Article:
To be clear, I’m not going to stop doing catalog instruction, or teaching my students search strategies for everything from Google to our (often arcane) databases. I want them to be savvy searchers. My job is to help them be efficient and innovative information consumers. But I also want to teach them that what they want matters, that they shape the world around them by the way they interact with it, that companies and colleges and online services are all competing to understand them better.

So I’m going to work on my barricade of book carts, and keep adding green dots to the spines of science fiction and fantasy titles, and work on displays and signage that are better descriptors and signposts for the shelves beneath them. Because I want my students to know the library is their library, not just mine.

About mk Eagle

I'm the librarian at Holliston High School, a bit west of Boston. In my spare time I advise my school's yearbook and Gay Straight Alliance, write about food, and root for the Red Sox.

10 Thoughts on “30 Days of Innovation #4: Revamp Your Shelving

  1. This post is hitting me at a great time. Given the way our faculty assigns things, having American and English authors separated in the 800’s has proved problematic when students are sent to find a play or book of poetry that interests them.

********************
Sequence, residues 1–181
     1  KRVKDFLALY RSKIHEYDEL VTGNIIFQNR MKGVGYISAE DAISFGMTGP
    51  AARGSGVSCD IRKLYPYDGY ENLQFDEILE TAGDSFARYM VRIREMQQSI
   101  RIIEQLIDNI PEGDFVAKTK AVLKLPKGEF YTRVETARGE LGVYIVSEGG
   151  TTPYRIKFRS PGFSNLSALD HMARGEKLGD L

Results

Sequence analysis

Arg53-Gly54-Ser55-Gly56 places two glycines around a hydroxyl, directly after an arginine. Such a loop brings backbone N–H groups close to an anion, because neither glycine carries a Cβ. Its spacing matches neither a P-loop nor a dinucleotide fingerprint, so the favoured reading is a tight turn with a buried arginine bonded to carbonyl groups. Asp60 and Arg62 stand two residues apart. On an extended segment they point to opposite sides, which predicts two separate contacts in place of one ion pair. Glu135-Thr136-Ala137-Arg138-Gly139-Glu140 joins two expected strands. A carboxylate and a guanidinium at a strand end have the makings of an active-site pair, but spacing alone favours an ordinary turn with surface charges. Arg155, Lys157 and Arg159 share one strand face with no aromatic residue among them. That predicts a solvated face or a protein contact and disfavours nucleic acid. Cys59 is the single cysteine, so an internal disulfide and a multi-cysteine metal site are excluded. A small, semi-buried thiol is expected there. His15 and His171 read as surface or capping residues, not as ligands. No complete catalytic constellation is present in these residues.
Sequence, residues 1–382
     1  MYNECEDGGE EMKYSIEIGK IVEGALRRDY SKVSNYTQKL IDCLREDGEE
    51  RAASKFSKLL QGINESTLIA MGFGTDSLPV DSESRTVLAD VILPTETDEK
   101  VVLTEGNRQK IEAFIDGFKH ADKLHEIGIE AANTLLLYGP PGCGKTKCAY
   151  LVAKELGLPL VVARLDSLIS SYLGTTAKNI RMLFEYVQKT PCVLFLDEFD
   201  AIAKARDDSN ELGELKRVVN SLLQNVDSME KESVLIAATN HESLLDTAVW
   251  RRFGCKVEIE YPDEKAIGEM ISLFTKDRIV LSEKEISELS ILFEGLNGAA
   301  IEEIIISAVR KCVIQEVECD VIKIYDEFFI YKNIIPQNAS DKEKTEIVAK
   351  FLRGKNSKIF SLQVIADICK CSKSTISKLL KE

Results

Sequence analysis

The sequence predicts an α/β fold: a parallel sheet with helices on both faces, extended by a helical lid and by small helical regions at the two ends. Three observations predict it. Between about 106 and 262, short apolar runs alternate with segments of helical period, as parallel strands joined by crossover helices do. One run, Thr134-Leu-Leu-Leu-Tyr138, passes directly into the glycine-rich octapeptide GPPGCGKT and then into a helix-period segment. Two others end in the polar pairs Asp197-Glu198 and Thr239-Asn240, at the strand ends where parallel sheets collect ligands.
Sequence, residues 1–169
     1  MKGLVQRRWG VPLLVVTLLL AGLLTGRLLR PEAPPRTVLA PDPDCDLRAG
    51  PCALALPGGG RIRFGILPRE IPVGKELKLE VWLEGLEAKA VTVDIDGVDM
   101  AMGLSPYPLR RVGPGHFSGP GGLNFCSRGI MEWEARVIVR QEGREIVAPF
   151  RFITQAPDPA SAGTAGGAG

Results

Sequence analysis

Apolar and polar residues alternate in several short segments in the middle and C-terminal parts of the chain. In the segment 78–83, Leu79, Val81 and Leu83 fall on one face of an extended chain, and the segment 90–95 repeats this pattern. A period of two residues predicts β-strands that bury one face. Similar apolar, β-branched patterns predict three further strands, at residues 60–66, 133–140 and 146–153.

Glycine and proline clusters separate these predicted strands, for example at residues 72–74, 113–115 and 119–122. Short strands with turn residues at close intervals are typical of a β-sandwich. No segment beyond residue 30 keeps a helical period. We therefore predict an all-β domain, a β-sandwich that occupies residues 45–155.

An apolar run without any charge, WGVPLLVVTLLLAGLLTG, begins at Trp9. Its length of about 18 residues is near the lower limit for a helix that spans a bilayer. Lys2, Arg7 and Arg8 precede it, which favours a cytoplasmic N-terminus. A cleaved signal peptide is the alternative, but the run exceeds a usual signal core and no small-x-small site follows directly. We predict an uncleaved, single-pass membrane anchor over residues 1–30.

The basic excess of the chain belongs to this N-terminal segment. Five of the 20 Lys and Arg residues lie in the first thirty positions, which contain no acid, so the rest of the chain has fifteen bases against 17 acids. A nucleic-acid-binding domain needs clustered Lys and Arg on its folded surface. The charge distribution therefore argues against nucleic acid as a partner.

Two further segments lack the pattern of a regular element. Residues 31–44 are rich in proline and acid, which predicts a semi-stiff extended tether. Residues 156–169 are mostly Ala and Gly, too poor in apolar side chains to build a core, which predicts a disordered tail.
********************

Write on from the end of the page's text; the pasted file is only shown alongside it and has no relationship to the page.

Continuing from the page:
My question is- how do you adjust the catalog to reflect neighborhood grouping?

  2. Dawn, all of the 800s books I’m moving around are also getting new call numbers: LIT [Author’s Last Name]. There will be shelf labels for all the heavy hitters with lots of books (Steinbeck, Faulkner, Dickinson, etc) and authors/poets with only one or two titles will get shelved alphabetically by their last name in “Other Authors” and “Other Poets” sections, along with things like anthologies/multi-author works.

    Some catalogs also also allow you to make Location or Physical Location a prominent field in the OPAC, so you could have “American Authors” (or just “Authors”) be its own location (as opposed to locations all looking like “800-899 Literature”).

  3. Thank you for pointing me in the right direction. I’ve made changes in our fiction section that are similar, but have felt a bit overwhelmed at tackling the nonfiction section. Our 800’s are the most used area however and in desperate need of some attention. Is it sacrilege to have American and English authors side-by-side?

  4. Kate Covintree on April 4, 2012 at 12:42 pm said:

    Great post!
    Here’s my question…we’re trying to make more room for our Middle School space by moving our video collection. One thought is to inter-shelve our DVDs in with our books on the same topics. This is NOT something bookstores normally do, and I’m a little leary myself on this idea, but I’d love your (or others’) thoughts on this. Do you think this would make ALL the materials more accessible and usable? Is there another way to display videos that could work better?